- Hezek Re’Iya — The Talmud at the beginning of tractate Bava Batra states that if I move in right outside your window I am obliged to pay for a fence. Why me? Because the party moving in is the party harming the one there already by infringing on their privacy. Every person has the right to live without feeling like they are being watched or spied on. Feeling no privacy is akin to being damaged and as deemed as a non-livable way. We all need privacy.
William Pitt the first Earl of Chattam famously wrote on this:” The poorest man may in his cottage bid defiance to all the forces of the Crown. It may be frail — its roof may shake — the wind may blow through it — the storm may enter — the rain may enter — but the King of England cannot enter — all his force dares not cross the threshold of the ruined tenement!”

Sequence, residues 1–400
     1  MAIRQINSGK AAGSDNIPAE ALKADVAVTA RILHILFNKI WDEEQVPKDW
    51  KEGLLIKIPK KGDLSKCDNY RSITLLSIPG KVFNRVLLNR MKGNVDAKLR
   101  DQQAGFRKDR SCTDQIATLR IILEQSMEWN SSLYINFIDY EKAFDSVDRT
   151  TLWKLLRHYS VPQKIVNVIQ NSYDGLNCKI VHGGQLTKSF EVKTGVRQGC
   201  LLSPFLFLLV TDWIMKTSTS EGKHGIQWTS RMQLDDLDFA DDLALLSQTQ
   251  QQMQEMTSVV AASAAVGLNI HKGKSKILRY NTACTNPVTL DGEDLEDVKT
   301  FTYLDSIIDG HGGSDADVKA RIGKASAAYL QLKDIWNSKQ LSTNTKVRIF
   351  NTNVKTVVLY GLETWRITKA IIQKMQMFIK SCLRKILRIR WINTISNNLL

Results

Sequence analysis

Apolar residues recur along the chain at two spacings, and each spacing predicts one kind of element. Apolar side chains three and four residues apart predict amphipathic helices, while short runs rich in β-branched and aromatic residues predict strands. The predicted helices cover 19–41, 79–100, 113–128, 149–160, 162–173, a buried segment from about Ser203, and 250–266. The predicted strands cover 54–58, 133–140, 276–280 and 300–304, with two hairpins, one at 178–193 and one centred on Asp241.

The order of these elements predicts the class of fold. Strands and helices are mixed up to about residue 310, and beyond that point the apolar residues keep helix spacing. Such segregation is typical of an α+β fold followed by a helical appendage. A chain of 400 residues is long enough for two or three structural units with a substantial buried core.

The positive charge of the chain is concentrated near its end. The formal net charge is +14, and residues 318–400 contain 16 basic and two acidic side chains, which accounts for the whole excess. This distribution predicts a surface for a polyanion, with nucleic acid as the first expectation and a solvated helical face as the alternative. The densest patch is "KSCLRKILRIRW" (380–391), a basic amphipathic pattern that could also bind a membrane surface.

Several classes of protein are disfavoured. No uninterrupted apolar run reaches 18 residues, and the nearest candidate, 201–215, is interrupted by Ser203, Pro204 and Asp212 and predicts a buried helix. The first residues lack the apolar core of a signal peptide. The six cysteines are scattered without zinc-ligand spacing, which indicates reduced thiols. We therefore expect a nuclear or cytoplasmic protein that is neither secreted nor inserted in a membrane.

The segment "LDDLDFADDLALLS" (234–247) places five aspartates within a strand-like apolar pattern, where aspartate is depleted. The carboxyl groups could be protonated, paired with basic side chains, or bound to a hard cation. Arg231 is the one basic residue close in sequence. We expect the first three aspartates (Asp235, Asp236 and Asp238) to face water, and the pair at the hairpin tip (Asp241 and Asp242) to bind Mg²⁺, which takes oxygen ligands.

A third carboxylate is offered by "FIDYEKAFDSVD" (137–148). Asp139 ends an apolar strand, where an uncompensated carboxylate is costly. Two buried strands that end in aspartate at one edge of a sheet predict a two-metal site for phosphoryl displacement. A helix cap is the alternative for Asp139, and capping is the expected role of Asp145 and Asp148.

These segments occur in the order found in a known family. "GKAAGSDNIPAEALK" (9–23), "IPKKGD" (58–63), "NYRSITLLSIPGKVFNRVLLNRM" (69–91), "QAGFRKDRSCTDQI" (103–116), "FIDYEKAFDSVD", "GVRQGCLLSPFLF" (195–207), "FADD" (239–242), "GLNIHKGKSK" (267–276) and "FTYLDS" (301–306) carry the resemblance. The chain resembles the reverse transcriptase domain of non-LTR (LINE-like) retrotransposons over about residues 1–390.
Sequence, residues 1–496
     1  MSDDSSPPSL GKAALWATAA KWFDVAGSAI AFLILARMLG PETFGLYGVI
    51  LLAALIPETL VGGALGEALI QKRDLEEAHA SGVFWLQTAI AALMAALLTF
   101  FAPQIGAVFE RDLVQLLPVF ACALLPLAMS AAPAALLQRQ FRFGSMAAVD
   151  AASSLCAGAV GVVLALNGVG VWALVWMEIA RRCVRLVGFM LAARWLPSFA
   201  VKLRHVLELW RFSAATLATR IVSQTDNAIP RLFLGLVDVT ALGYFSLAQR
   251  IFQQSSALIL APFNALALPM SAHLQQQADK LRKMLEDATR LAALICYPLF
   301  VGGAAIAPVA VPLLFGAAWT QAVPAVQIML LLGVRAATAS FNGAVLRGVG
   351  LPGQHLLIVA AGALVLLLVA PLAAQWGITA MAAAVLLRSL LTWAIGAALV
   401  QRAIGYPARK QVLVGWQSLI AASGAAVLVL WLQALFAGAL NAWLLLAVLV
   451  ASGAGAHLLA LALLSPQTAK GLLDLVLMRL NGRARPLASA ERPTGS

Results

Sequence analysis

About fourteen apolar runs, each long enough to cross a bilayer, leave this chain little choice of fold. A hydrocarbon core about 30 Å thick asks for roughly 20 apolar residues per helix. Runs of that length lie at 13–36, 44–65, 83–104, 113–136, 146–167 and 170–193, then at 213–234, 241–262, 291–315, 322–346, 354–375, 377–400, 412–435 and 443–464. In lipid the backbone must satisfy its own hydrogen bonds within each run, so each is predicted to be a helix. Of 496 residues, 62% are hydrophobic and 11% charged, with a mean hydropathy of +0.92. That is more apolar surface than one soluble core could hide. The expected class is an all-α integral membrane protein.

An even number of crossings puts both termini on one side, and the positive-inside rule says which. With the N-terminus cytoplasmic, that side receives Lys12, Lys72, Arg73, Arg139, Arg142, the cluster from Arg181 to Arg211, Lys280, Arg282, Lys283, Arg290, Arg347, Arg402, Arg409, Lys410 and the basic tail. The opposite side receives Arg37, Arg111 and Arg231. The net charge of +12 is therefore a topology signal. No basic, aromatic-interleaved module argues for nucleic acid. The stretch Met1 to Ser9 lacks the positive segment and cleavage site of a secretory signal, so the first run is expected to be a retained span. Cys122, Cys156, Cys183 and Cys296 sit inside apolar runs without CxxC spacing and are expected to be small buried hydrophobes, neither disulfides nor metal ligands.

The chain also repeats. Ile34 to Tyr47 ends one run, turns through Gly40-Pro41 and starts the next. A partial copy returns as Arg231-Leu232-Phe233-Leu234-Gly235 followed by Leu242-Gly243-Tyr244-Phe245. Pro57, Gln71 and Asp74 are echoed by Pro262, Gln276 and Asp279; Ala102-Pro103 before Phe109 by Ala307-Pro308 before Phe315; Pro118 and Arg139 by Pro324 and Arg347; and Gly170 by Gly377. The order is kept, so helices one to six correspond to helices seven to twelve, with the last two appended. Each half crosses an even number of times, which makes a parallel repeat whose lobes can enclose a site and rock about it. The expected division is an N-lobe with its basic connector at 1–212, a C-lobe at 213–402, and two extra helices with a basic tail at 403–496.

- Ayin Hara — furthermore, the Talmud states that a person should not stand and stare at their friend’s produce when it is ripe and ready to be harvested because of concerns for “Ayin Hara”, an evil eye.
All this, points in the direction of Facebook’s practice of selling individual’s information to others — especially when done in a way that can cause harm—to be forbidden. This is especially true when it comes to selling our information to pharmaceutical companies, and other companies that may use the information against us. An outstanding example of the harming potential of information is when information given by Yahoo to the Chinese government was used to imprison and punish citizens.